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About The Dalles daily chronicle. (The Dalles, Or.) 1890-1948 | View Entire Issue (Aug. 17, 1897)
Tb3 Dallas Daily ehrc&iils.
Per inch .
One Inch or less In Daily $1 SO
Over two inches and under four Inches. ... . 1 00
Over four Inches and under twelve inches. . 75
Over twelve Inches 60
DAILY AND WEEKLY.
One inch or less, per inch ?2 50
Over one inch and under four inches 2 00
Over four Inches and under twelve inches. . 1 50
Over twelve inches 1 00
Mr. and Mra. L. E. Crowe went to
Portland this morning on the Dalles
Mr. and J. F. Haworth returned
IflHt night, after a month's visit with
Mr. H. E. Hawortb and wife at Oakland,"
Mrs. Glenn and daughter, Hattie, and
Miss May Jackson were passengers on
the Dalles City this morning, bound for
Portland and perhaps for the sea coast.
G. F. Stephens is taking a trip down
through the Willamette valley. He
told us confiilentiallv before he started
that hueinesa was dull, and as he was
Dot doing much he would take advant
age of the dull timeB to have a holiday.
He will be away for a week or two.
The Devastation Caused by Them on
Batter Creek Described.
"It was simply heartrending. You
never saw such a desolate scene."
Mr. A. Cole, who ranches on Butter
creek, was not speaking of some accident
when he made this remark. Grasshop
pers, the humble yet destructive grass
hoppers, were the subject of his con
versation. He says that no idea can be formed 'by
one unfamiliar with the facts, of the de
struction wrought by these winded ter
rors on Uutter creek. They took every
green thing, leaving the ranchmen with
out a patch of grass or a pound of bay
to feed their stock. They came in clouds
that obscured the eunaud left ruin, dis
may and blight.
Mr. Cole succeeded in Baying about
one-fourth his crop of wheat and barley
hay, but had to fight for it. He is more
fortunate than most of his fellow-ranchers,
for he has part of preceding crops
left over. He has been offered good
prices for his hay, but will be compelled
to keep part of it to feed his own stock.
Both the Vey brothers, extensive
eheepraisers, are heavy losers. They
raise alfalfa hay on irrigated land, and
would have cut splendid ciopa bad not
the hoppers settled upon the alfalfa and
devoured e ery leat and blade. Of
course the Veys will not be crippled, for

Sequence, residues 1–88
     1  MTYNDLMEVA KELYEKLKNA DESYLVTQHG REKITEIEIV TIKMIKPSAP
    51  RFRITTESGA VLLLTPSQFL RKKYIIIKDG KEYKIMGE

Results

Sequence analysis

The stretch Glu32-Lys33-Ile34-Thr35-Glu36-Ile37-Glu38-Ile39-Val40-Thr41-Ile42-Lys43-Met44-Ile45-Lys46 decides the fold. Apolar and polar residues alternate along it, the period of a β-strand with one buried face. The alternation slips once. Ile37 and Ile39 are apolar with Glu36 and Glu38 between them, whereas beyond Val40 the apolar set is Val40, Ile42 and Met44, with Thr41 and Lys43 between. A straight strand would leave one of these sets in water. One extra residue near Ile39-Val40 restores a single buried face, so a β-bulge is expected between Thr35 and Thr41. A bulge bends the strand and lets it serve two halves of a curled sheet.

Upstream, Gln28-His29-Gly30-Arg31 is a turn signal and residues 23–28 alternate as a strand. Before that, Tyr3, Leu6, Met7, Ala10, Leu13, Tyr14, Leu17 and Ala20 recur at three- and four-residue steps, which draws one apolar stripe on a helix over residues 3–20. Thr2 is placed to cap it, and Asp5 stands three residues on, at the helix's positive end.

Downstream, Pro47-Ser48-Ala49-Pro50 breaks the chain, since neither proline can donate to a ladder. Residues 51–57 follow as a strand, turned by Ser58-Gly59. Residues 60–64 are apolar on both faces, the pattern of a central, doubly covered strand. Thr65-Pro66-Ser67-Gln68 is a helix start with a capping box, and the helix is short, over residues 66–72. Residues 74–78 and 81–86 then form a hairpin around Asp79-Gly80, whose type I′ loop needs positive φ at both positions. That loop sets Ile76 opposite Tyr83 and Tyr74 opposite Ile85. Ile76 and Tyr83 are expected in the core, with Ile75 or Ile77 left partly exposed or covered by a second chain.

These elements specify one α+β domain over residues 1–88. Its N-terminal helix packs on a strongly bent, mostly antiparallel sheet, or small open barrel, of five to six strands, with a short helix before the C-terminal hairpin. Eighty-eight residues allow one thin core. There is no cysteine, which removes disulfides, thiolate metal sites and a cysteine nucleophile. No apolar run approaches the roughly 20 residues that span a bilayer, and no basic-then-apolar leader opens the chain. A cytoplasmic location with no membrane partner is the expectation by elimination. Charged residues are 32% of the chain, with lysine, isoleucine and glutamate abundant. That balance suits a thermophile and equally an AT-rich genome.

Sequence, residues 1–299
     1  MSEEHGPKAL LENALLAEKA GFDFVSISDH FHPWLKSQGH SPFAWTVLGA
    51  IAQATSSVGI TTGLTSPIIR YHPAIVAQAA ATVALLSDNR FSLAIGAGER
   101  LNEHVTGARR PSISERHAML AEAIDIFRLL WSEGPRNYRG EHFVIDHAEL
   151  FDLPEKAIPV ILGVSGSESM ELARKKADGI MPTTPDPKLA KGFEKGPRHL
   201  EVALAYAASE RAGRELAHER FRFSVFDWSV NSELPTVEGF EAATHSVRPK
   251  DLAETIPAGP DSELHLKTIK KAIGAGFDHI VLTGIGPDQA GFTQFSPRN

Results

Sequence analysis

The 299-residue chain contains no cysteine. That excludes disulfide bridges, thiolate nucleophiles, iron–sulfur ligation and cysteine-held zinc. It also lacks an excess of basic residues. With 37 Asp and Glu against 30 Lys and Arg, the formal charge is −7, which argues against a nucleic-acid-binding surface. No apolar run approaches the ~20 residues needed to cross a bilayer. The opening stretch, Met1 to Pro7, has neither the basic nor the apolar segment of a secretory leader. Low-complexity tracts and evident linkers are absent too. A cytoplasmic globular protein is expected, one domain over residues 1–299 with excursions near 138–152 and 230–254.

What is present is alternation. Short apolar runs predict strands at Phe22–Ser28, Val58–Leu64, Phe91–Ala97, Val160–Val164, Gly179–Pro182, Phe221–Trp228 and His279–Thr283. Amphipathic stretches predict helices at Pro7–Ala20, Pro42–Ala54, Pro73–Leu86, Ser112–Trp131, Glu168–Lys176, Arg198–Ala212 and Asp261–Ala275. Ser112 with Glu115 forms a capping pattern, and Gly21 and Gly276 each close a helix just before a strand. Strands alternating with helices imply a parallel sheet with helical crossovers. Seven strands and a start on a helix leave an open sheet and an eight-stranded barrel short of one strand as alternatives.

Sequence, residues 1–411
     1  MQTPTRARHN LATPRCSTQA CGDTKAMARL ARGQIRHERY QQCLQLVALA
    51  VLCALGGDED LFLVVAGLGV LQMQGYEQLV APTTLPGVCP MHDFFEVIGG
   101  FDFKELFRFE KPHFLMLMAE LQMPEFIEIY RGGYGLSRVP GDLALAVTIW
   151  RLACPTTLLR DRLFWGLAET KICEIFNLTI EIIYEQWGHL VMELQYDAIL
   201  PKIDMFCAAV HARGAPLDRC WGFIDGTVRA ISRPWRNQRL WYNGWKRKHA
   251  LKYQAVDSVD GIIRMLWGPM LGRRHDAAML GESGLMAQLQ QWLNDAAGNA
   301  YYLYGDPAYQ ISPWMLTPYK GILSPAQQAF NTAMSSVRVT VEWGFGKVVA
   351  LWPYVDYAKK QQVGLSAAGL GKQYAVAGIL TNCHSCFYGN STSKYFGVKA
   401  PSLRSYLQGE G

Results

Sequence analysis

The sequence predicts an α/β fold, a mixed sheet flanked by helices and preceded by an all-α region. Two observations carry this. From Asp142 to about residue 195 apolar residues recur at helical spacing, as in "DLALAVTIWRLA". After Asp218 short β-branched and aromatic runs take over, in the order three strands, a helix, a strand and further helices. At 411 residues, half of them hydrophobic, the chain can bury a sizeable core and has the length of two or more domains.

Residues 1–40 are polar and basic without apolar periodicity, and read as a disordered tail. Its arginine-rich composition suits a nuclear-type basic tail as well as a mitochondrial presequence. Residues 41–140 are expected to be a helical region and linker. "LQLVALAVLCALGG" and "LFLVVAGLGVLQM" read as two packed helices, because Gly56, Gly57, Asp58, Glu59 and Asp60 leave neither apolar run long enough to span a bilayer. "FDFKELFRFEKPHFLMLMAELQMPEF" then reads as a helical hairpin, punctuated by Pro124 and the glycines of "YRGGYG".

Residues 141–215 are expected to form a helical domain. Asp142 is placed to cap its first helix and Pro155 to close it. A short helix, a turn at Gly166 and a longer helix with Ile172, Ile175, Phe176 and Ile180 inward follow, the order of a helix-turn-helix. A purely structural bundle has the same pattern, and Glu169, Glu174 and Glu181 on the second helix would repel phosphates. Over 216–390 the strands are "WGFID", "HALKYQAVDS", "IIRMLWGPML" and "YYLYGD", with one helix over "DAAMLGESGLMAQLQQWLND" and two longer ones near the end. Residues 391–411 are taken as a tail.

each turned off many thousand dollars
worth of wool this season ; but the loss
of thfir feed supply is a serious draw
back. Antone Vey will be compelled to
secure elsewhere about 500 tons of hay
which he would have raised himself had
the grasshoppers not molested him, and
Joseph is in about the same predica
ment. S. G. Lightfoot, another prominent
rancher on the creek, hasn't a thing in
the way of produce left on the place,
the hoppers having destroyed a fine
prospect. Below Heppner similar havoc
was wrought. Andrew Donglas has de
serted that section and gone to Athena.
Mr. Cole Bays that the pests seemed
-almost endowed with thought, and to
claim everything as their own. When
saving part of his hay crop he literally
bad to "scrap" his way through armies
of them from the field to his barn.
You naturally lose flesh in
the summer and running down
is so asy. You get a little
weaker each day without hard
ly noticing it. There is loss of
appetite, headache, weakness
of the muscles, disturbed sleep,
weakness of memory, and these
are the beginning of nervous
prostration. Iron and tonics
and bitters may afford some
temporary relief, but what you
need is a food for body, brain
of Cod-liver Oil with the Hy
pophosphites, furnishes just the
nourishment needed for those
who are run down and pale and
"thin and weak. If you lose flesh
in summer take Scott's Emul
sion now. Don't wait till fall
or winter before beginning.
For sal at joc and t.oo by all druggists.
BICYCLE VOICE NOW.
Enemlea of "Wheel! na; Say at Affects
the Vors! Chords.
All the talk of the bicycle face having
practically died out, the foes of the
wheel have now trotted out another
scarecrow, claiming that as a rc?:;lt of
wheeling' women are beccmiv y loud
talkers, with an unpleasant quality of
voice. They assert that wheeling-, es
pecially with the mouth open, has a
detrimental effect on. the vocal chords,
and when to this is added the strain to
yliich the voice is subjected in an effort
to keep up a conversation while cy
cling1 the danger seems something more
than a shadow. Some persons who
have made voice culture a life study
are inclined to fall in with these views,
asserting that exercise on the wheel is
responsible for an apparent alteration
in the voices of women. One vocal
"While bicycle riding people fre
quently fill their lungs with dust, and
this is, of course, injurious. Then the
exercise leaves the system exhausted
and unable to resist the bad effects ot
excessive perspiration. A severe cold
is detrimental to the speaking voice,
and when these colds are frequent, as
they are with bicyclists, they will up
timately result in permanent injury.
If women would ride bxit a few miles
at a time and would keep their mouths
closed there would be no danger, but
I find that many of my pupils cannot
refrain from overdoing the sport. Pro
fessional women realize the harm that
bicycling does to their voices, but they
say that they cannot bear to give up
wheeling. Calling to one another as
wheelwomen frequently do cannot help
but strain the voice if persisted in."
Another vocal instructor holds total
ly opposite views. Said she: "1 am
strongly in favor of cycling for wom
en. It is a most healthful exercise, and
so cannot fail to be beneficial to the
singing and speaking voice. I do not
believe the old-fashioned theory of
things affecting the vocal chords direct
ly. Of course it is possible to strain
the voice, but I should think this most
unlikely when wheeling. The very tend
ency of the wheel is to keep the rider
quiet. If riders should call from one
to the other when outdoors their speak
ing voice might be affected, but the
most strident speakers are often the
sweetest singers. The soft, well-modulated
voice of the English girl does
not give us as many brilliant examples
of the song bird as the less pleasant,